Unfortunately, this particular test route didn't include a full off-road section but we did manage to find some desolate beachscape upon which we could test the grip and the Velar didn't seem fazed in the slightest.
It is highly unlikely that the Velar will ever go further than the off-road car park at the local fete, but its impressive wading depth and mud-plugging abilities serve as further strings to its bow.
Range Rover Velar review: Infotainment and in-car tech
The real excitement comes from the Velar's masterful display of in-car technology.
JLR's new Touch Pro Duo system debuts on Velar, featuring not one but two high-definition 10-inch touchscreens that sit neatly in the centre of the leather-clad dash.
According to David Doody, the vehicle programme director for Velar, the system was a result of the reductionist theme that runs throughout the cabin.
"Gerry McGovern had a very clear vision when it came to this project and he wanted everything to be cleaner, lighter.
"But more and more features and technologies were coming through on this vehicle, it was becoming overly demanding on the switch count within the car, which was contrary to the design vision.
"To offer the level of functionality but to keep to the design brief, we realised we needed touchscreens - and this was the best configuration we found. It's extremely user-friendly."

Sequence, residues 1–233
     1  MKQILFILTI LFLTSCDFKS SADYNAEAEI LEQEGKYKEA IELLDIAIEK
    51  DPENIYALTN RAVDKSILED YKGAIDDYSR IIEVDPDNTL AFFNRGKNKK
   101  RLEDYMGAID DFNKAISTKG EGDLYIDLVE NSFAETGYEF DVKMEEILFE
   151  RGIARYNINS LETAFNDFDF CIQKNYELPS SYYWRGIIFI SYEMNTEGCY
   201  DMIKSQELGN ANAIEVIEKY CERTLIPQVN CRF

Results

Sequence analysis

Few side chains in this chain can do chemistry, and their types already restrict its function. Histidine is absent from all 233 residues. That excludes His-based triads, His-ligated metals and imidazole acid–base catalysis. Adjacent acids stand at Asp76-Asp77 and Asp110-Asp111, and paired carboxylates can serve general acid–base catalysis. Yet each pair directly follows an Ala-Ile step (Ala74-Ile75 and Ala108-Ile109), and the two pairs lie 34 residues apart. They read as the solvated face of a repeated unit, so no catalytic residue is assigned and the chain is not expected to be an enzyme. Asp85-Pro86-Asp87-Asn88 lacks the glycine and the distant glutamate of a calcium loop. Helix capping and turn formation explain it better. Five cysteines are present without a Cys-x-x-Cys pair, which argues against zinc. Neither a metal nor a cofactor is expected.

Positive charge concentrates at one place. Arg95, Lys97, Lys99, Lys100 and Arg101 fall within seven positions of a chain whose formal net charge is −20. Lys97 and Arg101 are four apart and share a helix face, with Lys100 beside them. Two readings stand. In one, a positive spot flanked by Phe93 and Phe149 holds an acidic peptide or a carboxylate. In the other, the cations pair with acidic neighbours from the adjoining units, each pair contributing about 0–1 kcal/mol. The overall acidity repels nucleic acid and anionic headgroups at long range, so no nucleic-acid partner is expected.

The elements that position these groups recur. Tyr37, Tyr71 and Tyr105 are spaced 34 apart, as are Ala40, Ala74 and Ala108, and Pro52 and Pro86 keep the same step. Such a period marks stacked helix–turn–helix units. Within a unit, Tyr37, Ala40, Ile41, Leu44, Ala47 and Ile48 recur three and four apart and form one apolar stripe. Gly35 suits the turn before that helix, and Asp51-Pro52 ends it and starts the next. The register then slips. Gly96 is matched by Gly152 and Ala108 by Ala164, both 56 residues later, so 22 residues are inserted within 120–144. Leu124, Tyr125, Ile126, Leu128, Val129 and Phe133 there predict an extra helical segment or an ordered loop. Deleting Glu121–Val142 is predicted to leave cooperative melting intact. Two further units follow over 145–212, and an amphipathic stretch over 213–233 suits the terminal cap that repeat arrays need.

JLR turned to Panasonic for inspiration and keen tech fans will have spotted a similar set-up being showcased at the 2016 Consumer Electronics Show, which featured seemingly floating dials sat atop a touchscreen display. These were called Magic Knobs and, luckily, JLR developed the idea and obviously reworked the name (to Magic Dials) to work in Velar.
The result is beautiful, as the capacitive switching on the steering wheel and most of the dash appears piano black until the vehicle is unlocked. As soon as the owner hops into the car and hits the start/stop button, the vast array of screens burst into life, offering vibrant colours and stunning HD graphics to boot.
The system is quick, with a powerful Intel processor and 60GB solid-state drive stashed in the boot ensuring menus can be adjusted and controlled shortly after the ignition button is depressed.
Despite being physically larger, the Volvo XC90 is arguably one of the Velar's closest rivals, particularly in terms of cutting edge interior tech. But one of the major quibbles with the Swedish system is the fact that everything is relegated to a touchscreen, which makes the business of quickly adjusting heaters and other functionality a bit fiddly.
The simple addition of two floating rotary dials in the Velar negates the need to delve into layers of menus to adjust settings.